Teams can begin their voluntary offseason workout programs Monday, but that doesn't mean we're taking the day off here on the AFC North blog. Let's buckle up our helmets and open some mail ...
DogPound32 (Rocky River, Ohio) writes: Call me crazy, Jamison, but why in the world would any Browns fan want us to draft a QB, unless it was a late late round pick? Give my boy [Colt] McCoy a chance and surround him with [running back Trent] Richardson, [wide receiver Stephen] Hill, and [offensive tackle Bobby] Massie in this year's draft. Then if you want to pick up a QB in the seventh round, pick up Kellen Moore and call it a day. Wasting anything more than a late round pick on a QB is not worth it for the Browns this year. Moore may be smaller, but he's a proven winner with ice in his veins. He can definitely be a solid backup for Colt this year and it comes at a low risk. Thoughts?
Jamison Hensley from AFC North headquarters: You're not crazy. That is, unless your real name is DogPound32. Your argument, however, is a valid one. I see two franchise quarterbacks in this draft, Andrew Luck and Robert Griffin III. After failing to get RG3, the Browns should focus their energy on upgrading the surrounding talent on offense. That would put Cleveland in the best position to go all-in for a franchise quarterback next season. I do have to admit that Oklahoma State quarterback Brandon Weeden intrigues me more and more as the draft approaches. But getting Weeden at the bottom of the first round or early in the second would mean missing out on a wide receiver or offensive tackle. And that doesn't make sense to me.
Ben (Pensacola, Fla.) writes: Even if the Steelers draft a guard in the first round, they should pass on a running back to draft another guard in the second. Somehow I doubt any back in the draft is going to help much if Big Ben gets injured again. Doug Legursky and Ramon Foster are nice backups, but neither belongs as a starter. Frankly, I'd be perfectly happy if the Steelers passed on Dont'a Hightower to grab guards in both the first and second rounds: Amini Silatolu in the first and Kelechi Osemele in the second. Isaiah Pead would be worth a look in the fourth round, but that's the earliest I would go for a running back with the bigger needs on the roster.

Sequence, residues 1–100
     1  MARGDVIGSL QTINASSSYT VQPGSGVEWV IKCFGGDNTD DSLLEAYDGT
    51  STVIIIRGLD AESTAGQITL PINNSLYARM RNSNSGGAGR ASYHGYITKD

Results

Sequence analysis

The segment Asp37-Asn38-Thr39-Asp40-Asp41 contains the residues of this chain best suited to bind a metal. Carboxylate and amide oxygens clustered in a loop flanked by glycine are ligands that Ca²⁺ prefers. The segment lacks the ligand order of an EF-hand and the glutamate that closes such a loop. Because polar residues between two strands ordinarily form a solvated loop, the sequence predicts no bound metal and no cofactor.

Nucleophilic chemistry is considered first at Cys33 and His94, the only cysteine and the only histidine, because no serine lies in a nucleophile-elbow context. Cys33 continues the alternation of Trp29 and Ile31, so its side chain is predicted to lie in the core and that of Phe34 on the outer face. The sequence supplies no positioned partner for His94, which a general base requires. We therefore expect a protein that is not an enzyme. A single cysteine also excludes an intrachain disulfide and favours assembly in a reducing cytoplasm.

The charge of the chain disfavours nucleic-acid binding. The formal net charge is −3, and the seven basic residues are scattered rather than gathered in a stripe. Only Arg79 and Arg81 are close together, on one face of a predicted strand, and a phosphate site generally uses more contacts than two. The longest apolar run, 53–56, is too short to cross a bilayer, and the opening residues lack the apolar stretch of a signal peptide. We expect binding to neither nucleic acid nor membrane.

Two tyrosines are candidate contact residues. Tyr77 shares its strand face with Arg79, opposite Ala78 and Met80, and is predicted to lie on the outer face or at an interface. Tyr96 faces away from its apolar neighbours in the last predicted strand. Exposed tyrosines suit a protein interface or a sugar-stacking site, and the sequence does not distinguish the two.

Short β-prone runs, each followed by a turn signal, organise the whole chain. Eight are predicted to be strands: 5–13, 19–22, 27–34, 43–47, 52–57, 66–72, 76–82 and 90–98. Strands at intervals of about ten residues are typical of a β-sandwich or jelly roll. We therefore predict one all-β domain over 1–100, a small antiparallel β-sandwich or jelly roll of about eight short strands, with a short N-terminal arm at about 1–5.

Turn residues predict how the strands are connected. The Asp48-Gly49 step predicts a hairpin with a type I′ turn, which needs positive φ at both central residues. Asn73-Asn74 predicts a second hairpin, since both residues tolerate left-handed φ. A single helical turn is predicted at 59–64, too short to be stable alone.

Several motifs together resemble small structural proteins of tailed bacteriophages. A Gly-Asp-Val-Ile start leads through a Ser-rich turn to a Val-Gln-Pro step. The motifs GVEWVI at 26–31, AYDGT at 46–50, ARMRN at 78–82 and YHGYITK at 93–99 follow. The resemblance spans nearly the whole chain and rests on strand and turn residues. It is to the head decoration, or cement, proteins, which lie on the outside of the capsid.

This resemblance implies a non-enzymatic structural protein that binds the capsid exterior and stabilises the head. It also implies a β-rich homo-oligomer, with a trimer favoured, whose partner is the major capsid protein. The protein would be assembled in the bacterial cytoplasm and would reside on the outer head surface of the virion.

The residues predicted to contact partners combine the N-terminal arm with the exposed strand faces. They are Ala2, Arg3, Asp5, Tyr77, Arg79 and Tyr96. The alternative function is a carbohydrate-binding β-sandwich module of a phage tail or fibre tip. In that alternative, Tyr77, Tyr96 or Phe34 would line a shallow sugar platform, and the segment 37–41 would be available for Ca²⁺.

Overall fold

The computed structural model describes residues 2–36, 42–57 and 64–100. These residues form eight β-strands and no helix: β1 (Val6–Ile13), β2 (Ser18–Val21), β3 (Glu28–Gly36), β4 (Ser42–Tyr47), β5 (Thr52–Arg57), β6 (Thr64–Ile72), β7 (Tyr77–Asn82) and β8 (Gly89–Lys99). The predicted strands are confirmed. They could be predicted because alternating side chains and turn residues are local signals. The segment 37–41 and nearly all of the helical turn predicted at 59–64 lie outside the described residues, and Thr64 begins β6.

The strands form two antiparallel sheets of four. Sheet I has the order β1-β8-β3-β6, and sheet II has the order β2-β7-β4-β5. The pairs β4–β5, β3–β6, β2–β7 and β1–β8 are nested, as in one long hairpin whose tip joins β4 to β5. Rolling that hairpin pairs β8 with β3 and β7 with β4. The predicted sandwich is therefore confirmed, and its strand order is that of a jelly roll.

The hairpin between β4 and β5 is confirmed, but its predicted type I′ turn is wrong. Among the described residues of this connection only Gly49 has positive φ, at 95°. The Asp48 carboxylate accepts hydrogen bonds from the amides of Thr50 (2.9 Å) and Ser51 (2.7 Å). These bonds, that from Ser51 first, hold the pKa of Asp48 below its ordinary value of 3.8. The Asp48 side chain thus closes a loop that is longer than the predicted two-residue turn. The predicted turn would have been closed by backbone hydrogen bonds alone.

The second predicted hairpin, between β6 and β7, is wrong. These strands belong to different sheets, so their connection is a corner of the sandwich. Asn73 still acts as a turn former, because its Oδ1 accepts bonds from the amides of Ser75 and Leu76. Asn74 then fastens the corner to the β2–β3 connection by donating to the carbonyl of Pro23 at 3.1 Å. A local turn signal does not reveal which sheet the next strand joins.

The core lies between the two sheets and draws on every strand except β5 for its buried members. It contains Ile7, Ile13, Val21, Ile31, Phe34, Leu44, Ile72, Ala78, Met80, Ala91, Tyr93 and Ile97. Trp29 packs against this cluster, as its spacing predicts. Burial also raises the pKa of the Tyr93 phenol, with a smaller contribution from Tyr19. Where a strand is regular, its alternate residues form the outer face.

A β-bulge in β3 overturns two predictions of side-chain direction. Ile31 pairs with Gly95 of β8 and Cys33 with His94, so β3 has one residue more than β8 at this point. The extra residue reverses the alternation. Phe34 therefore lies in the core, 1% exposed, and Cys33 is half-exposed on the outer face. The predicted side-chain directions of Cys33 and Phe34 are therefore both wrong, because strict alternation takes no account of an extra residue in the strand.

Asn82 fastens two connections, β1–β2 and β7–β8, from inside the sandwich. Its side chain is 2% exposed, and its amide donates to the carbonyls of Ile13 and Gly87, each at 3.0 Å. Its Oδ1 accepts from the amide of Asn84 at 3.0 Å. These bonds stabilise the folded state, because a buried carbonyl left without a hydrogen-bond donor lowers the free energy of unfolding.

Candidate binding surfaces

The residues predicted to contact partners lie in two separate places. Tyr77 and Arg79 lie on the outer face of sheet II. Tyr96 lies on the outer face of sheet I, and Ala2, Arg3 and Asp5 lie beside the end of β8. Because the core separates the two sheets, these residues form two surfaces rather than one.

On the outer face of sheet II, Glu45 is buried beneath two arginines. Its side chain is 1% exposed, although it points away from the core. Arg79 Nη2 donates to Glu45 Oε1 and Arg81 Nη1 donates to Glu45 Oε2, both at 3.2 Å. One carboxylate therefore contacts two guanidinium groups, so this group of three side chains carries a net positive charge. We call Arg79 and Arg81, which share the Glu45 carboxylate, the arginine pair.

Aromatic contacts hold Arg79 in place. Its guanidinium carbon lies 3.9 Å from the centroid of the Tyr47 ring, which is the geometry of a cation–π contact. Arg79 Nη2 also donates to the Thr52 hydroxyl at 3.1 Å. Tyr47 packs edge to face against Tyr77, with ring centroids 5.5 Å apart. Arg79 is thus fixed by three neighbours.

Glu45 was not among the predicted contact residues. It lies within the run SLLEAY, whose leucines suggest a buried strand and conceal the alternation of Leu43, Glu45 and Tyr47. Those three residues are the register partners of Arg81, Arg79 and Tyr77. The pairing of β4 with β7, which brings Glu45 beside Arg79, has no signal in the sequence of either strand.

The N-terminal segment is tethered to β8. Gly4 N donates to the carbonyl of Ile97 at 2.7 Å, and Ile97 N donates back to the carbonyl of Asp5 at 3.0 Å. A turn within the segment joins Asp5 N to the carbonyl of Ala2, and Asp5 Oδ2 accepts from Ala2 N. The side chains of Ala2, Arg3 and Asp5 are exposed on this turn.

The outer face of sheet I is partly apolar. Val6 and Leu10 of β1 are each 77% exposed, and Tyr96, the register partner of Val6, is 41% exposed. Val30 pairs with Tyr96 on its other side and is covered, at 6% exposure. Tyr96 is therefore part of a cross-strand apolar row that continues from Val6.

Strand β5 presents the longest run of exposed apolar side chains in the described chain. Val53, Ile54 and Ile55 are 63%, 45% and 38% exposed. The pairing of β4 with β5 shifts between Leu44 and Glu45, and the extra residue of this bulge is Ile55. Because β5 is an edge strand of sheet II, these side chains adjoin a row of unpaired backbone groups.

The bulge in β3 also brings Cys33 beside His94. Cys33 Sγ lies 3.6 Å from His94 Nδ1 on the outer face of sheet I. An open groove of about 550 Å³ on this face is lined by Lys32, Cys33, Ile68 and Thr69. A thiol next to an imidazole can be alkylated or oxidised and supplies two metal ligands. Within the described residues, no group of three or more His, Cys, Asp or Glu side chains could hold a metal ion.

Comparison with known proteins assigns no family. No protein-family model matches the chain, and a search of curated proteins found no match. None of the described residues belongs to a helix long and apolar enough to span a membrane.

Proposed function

Jamison Hensley from AFC North headquarters: Silatolu is my sleeper pick for the Steelers in the first round. He's a nasty offensive lineman who has Pro Bowl potential. I agree that Legursky needs to be replaced; his strength is being a versatile backup. But Foster is serviceable at right guard, so you don't need to draft a guard in the second round. I think a back who is tougher and more decisive than Rashard Mendenhall could make this line look a lot better. I like the idea of taking Virginia Tech's speedy David Wilson or Boise State's powerful Doug Martin in the second round.
Brian (Cincinnati) writes: What are the chances the Bengals have an All-Stanford first round this year with guard David DeCastro at No. 17 and tight end Coby Fleener at No. 21? The Bengals desperately need a No. 2 tight end in Jay Gruden's offense. Considering the free agents available and the fact that this draft class is not deep at all at tight end, why not take the best available?
Jamison Hensley from AFC North headquarters: The Bengals are bringing back their top three tight ends after re-signing Donald Lee. Like you, I would like to see another pass-catching tight end, but I wouldn't classify Cincinnati as desperate for one. The Bengals just took a tight end (Jermaine Gresham) in the first round in 2010, so it's highly unlikely they would use one on another tight end so soon. If the Bengals draft DeCastro, which would be a great move for the Bengals, the second first-round pick can be used on a wide receiver, safety, cornerback or outside linebacker. Those are bigger needs than a No. 2 tight end.
Ben P (Boston) writes: What do you think are the chances that the Ravens trade up to the 23rd or 22nd pick in the first round? Both Detroit and Cleveland are probably just looking for best available players at that point and so they might be willing to trade back for extra picks. It would give Baltimore a chance to fill a need and keep a really good player like offensive lineman Cordy Glenn or linebacker Dont'a Hightower away from the Steelers.
Jamison Hensley from AFC North headquarters: I would say there is a greater chance of the Ravens moving back than moving up. Baltimore covets draft picks and it only has eight, which is the fewest among AFC North teams this year. The only way the Ravens trade up -- and they indicated they would only go as high as No. 19 -- is if one of their top 15 prospects slides into the 20s. I got the impression from the team's pre-draft press conference that the Ravens want more picks, which means moving back.